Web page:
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University of Cumbria

Forest Management (with placement)

UCAS Code: D504

Bachelor of Science (with Honours) - BSc (Hons)

Entry requirements


A level

C,C,C-B,B,C

Access to HE Diploma

D:15,M:30

Must pass all 60 credits, 45 at level 3

Pearson BTEC Level 3 National Extended Diploma (first teaching from September 2016)

MMM-DMM

Scottish Higher

B,B,C,C-A,B,B,B

UCAS Tariff

96-112
67%
Applicants receiving offers

About this course


Course option

4years

Sandwich | 2019

Subject

Forestry and arboriculture

Want a career as a professional forest manager? Then, our degree - the only Professional Forestry BSc (Hons) in England - is the qualification for you.

You’ll explore the science and practice of managing forests at our National School of Forestry in the iconic Lake District National Park – now a UNESCO World Heritage Site.

We offer a four-year 'sandwich-route mode' of study, giving you the opportunity to undertake a one-year placement between your second and third year to get real world experience to boost your CV.

**Why Choose University of Cumbria**

From our campus in Ambleside, you’ll have the opportunity to study in woodlands managed for conservation, timber production and conservation.

And, thanks to our excellent links with forestry organisations, we have a strong graduate employment record too.

- The course is accredited by the Institute of Chartered Foresters (ICF), the forestry sector professional body, and has been awarded the maximum points available by it

- Forestry employers contact us to fill vacancies for professional forestry posts

- You’ll use the latest technology such as GIS, remote sensing and drones during your studies

- Taught by tutors who have worked as professional foresters

- Tutors are involved in conducting ground-breaking, international research, which will inform your learning

- Small class sizes mean you’ll get close tutor guidance throughout your studies

- We have excellent links with Royal Forestry Society, Institute of Chartered Foresters (ICF) and other forestry organisations

- You’ll frequently be doing hands-on forestry thanks to our practical-focused approach

- You’ll have the opportunity to win prizes from a variety of forestry organisations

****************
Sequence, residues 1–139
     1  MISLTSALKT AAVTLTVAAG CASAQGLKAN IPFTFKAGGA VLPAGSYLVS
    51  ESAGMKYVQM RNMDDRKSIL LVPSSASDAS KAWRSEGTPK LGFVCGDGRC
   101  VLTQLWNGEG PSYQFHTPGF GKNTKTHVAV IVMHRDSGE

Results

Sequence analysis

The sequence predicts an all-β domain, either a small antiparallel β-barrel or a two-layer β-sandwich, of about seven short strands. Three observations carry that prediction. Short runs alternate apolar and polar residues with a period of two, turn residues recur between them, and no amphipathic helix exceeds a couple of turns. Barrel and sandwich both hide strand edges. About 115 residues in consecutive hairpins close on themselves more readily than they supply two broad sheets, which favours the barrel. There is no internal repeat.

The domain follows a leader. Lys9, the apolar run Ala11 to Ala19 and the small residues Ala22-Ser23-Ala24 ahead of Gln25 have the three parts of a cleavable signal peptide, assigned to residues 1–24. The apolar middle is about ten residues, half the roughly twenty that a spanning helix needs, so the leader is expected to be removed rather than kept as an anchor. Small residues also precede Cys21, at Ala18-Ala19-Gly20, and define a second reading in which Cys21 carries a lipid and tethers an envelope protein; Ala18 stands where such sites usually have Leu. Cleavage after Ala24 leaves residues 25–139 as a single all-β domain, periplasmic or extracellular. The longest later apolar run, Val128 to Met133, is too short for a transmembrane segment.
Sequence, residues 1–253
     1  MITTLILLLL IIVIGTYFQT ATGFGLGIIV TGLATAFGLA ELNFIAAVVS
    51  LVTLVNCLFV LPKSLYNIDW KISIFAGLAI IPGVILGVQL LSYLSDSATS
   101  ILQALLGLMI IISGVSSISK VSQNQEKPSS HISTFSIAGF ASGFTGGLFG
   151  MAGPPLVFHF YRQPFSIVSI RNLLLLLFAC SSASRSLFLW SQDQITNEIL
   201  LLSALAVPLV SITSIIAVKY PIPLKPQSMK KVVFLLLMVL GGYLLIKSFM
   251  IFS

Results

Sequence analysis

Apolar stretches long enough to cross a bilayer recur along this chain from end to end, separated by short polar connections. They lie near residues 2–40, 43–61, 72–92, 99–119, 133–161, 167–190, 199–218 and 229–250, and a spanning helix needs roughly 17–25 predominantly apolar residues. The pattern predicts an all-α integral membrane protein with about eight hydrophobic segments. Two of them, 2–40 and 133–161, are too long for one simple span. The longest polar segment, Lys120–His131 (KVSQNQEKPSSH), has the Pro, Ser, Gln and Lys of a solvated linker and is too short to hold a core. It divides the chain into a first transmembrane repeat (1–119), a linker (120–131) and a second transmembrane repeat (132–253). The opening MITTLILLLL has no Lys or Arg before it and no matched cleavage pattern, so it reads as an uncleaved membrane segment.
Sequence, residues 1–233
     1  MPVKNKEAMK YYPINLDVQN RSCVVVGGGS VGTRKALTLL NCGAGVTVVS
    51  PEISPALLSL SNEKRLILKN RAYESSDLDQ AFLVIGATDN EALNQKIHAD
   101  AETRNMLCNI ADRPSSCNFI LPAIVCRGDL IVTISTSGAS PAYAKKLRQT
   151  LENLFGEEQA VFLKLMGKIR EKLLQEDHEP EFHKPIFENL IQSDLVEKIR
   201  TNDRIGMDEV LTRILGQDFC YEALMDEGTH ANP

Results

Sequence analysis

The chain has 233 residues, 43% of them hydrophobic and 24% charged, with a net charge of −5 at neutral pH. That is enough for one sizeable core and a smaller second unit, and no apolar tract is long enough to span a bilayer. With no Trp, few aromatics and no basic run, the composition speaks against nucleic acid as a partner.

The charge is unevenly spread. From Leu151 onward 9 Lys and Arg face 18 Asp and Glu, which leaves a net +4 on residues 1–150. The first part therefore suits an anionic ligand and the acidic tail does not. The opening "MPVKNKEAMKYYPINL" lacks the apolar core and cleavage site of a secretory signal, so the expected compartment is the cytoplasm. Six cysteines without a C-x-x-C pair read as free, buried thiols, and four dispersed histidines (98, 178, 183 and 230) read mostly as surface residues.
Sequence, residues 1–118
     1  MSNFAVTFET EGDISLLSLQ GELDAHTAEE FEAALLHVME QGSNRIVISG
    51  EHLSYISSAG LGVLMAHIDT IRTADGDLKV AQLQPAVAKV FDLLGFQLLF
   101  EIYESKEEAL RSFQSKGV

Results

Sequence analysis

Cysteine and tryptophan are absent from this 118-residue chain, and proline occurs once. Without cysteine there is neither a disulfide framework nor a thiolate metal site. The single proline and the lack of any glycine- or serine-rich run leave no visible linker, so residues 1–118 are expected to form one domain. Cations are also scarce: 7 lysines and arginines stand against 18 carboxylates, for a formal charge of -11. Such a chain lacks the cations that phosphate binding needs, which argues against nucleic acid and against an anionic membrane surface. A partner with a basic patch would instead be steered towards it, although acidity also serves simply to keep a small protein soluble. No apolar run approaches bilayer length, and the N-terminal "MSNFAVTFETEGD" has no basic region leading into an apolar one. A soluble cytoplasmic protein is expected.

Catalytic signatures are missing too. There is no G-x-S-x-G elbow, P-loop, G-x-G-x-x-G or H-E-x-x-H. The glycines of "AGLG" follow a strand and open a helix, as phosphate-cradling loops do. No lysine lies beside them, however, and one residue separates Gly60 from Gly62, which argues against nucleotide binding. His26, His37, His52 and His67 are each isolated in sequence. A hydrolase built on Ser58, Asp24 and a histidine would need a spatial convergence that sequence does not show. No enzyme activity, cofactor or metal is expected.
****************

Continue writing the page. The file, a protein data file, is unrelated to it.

- Opportunity for work experience in Canada

And, Ambleside is a great place to live with access to the recreational opportunities afforded by the Lake District National Park.

If you want a rewarding career in a sector that is important for biodiversity, society and our economy then this professional course, you’ll gain the skills and experience required for a successful career in forestry.

Tuition fees

Select where you currently live to see what you'll pay:

England
£9,250
per year
EU
£9,250
per year
International
£10,500
per year
Northern Ireland
£9,250
per year
Scotland
£9,250
per year
Wales
£9,250
per year

The Uni


Course location:

Ambleside

Department:

Science, Natural Resources and Outdoor Studies

TEF rating:

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What students say


How do students rate their degree experience?

The stats below relate to the general subject area/s at this university, not this specific course. We show this where there isn’t enough data about the course, or where this is the most detailed info available to us.

Forestry and arboriculture

Sorry, no information to show

This is usually because there were too few respondents in the data we receive to be able to provide results about the subject at this university.


Who studies this subject and how do they get on?

98%
UK students
2%
International students
90%
Male students
10%
Female students
64%
2:1 or above
28%
Drop out rate

Most popular A-Levels studied (and grade achieved)

A
B
C

After graduation


The stats in this section relate to the general subject area/s at this university – not this specific course. We show this where there isn't enough data about the course, or where this is the most detailed info available to us.

Forestry and arboriculture

What are graduates doing after six months?

This is what graduates told us they were doing (and earning), shortly after completing their course. We've crunched the numbers to show you if these immediate prospects are high, medium or low, compared to those studying this subject/s at other universities.

98%
low
Employed or in further education
98%
med
Employed in a role where degree was essential or beneficial

Top job areas of graduates

19%
Sales assistants and retail cashiers
13%
Conservation and environmental associate professionals
10%